CBC News, “Richard Thaler wins Nobel Prize in economics”
CBC News, “Richard Thaler wins Nobel Prize in economics”
Here is my 2017/Oct/02 Audio interview with Dr. Gabor Lukacs, Air Passenger Rights Advocate, talking about his Supreme Court of Canada case with Delta Air Lines. Here are some rough notes and timecodes (link points) in the interview.
0:00 Independent reporter Kempton [K] asked Dr. Gabor Lukacs [G], Air Passenger Rights Advocate, how is he feeling two days before he appears in front of Supreme Court of Canada Judges?
0:49 [K:] Any special preparation one day before your first Supreme Court appearance? (Yes, G is scheduled to teach a match class Tuesday morning!)
1:20 [G:] Teaching twice a week this term helps my public speaking skills.
2:13 [K:] Not a good idea to lecture the justices? G explains how is it like appearing in front of Supreme Court justices.
4:25 [K:] Briefly explain what this case with Delta is about? And your role?
5:25 G gives a great analogy using a speeding car driving 160km/h down the highway. Who can complain about it?
6:35 G explains Federal Court of Appeal sided with his reasoning and ruled against the CTA (Canadian Transportation Agency) and said it was unreasonable to dismiss the complain.
7:15 G talks about the various PDF files (see reference) filed by him, Delta and other parties. [K’s apologies here re misunderstanding of the pages of documents filed.]
8:22 G explains to K an Amicus Curiae (an impartial adviser) is hired by the Supreme Court and paid for by Attorney General of Canada. And four interveners: ATTORNEY GENERAL (ONTARIO), CANADIAN TRANSPORT AGENCY, INTERNATIONAL AIR TRANSPORT ASSOCIATION, COUNCIL OF CANADIANS WITH DISABILITIES.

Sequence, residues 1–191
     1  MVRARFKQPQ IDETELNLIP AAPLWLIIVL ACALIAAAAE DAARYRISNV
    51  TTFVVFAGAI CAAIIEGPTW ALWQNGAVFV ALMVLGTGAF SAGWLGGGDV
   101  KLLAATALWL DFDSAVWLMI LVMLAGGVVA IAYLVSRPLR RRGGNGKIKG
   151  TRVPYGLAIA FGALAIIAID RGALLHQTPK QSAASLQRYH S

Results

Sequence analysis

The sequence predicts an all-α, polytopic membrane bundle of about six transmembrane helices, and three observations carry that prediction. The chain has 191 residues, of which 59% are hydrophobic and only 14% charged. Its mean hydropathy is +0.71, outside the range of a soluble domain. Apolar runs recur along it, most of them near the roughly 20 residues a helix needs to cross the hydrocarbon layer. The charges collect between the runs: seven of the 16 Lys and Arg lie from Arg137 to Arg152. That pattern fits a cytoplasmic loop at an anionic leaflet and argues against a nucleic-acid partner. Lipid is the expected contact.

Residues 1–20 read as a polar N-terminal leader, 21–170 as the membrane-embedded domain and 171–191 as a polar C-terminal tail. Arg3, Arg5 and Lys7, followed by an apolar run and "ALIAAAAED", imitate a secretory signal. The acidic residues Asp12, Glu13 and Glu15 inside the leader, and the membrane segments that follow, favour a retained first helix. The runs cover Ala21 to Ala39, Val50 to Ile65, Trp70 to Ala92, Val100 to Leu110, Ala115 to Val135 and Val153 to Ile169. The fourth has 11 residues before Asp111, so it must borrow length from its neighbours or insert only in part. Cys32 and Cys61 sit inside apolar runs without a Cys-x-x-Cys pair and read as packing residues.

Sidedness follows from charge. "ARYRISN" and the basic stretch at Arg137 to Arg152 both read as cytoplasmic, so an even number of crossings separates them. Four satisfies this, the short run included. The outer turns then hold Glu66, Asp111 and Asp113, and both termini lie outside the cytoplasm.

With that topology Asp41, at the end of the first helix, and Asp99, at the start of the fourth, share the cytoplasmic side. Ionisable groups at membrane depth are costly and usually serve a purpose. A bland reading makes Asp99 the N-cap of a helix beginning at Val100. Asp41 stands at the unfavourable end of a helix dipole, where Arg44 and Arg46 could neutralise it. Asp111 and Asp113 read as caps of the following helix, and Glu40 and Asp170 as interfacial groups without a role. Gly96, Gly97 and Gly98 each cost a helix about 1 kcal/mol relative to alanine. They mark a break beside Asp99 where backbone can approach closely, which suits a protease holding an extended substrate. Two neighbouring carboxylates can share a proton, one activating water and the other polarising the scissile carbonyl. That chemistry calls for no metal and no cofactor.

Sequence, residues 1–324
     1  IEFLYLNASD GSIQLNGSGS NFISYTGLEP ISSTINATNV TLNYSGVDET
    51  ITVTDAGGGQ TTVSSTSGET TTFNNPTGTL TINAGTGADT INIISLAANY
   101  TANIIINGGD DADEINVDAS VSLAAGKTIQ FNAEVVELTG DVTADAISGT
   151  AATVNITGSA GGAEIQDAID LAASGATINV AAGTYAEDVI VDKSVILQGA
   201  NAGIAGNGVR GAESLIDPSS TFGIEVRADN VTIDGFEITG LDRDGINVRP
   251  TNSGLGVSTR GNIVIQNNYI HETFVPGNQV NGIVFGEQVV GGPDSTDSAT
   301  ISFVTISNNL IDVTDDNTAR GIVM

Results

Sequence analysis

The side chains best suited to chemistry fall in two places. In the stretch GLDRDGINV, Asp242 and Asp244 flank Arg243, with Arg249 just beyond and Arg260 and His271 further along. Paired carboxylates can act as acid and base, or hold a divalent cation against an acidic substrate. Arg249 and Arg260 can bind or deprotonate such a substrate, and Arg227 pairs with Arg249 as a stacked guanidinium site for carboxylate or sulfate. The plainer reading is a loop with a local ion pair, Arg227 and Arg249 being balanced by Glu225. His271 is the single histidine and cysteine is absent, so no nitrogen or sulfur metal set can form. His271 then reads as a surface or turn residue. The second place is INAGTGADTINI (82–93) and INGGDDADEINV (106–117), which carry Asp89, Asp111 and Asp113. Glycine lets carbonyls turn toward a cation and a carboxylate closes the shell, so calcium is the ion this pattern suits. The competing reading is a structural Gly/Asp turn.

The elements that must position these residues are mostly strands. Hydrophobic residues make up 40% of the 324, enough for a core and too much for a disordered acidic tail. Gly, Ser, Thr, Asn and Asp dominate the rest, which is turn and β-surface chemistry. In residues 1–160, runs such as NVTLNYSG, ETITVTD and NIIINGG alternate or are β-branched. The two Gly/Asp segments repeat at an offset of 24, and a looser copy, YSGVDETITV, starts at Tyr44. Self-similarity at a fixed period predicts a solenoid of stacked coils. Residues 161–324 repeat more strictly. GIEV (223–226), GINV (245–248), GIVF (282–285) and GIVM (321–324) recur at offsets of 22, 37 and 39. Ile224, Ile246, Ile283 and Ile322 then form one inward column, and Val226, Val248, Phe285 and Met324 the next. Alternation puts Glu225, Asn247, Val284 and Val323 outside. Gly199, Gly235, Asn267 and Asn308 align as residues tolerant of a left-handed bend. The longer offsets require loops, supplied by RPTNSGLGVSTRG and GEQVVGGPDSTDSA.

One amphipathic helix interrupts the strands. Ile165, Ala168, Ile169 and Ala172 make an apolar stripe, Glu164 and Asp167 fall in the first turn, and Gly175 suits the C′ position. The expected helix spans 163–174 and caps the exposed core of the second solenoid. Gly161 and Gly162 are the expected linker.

9:32 [K:] So the COUNCIL OF CANADIANS WITH DISABILITIES agrees with you and Delta against you. Are there some against you and with you?
11:17 [K:] So roughly how much time have you put into preparing for the case?
13:02 [K:] Have you been to the Supreme Court as a tourist before? How will you feel when you step into the court for the first time arguing a case?
14:30 [K:] How long will it take you to argue the case in front of the Supreme Court justices? [G talks about the Supreme Court proceedings on Wednesday and the various potential outcomes and scenarios.]
17:32 [G:] “What we are dealing with here is a cat which is claiming to be a lion (which is the Canadian Transportation Agency). They have been trying to pretend they are a court.” [K:] “You are not a fan of the CTA? :)”
18:01 [K:] Do you get to reply on top of your 40 minutes presentation time [before the Supreme Court justices]?
19:36 [G:] “This is the first time I’m the respondent! I’m usually the appellant.” [K:] You are usually the underdog in front of the court!
20:05 [G:] [The Federal Court of Appeal got things right substantially.] “We are dealing here with preventive power …”
20:38 G talks about Canadian Transportation Agency recently commencing an investigation of the Air Transat case based on media report without receiving any formal complain.
21:03 [K:] Since I first interviewed you in August 2013, more than four years ago, for the Air Canada case where you helped bumped passengers get $200, $400, or $800 compensation, how does it feel with your hours of hard work getting you to the Supreme Court of Canada, the highest court of the land on Wednesday (Oct 4th, 2017)? [K: Great answers that go into some wonderful insight. I may try to transcript some of the answers when I can find some time.]
25:22 [K:] If you accidentally run into the Minister of Transport, The Honourable Marc Garneau, in the airport and get stuck with him in an elevator, what would you tell him in 30 seconds?
26:43 [K:] Taking my independent reporter hat off for a moment to speak as an air passenger and wishing G the best of luck.
1) 20+ downloadable PDF files relating to SCC File No. 37276.
2) Via Air Passenger Rights’ FB page: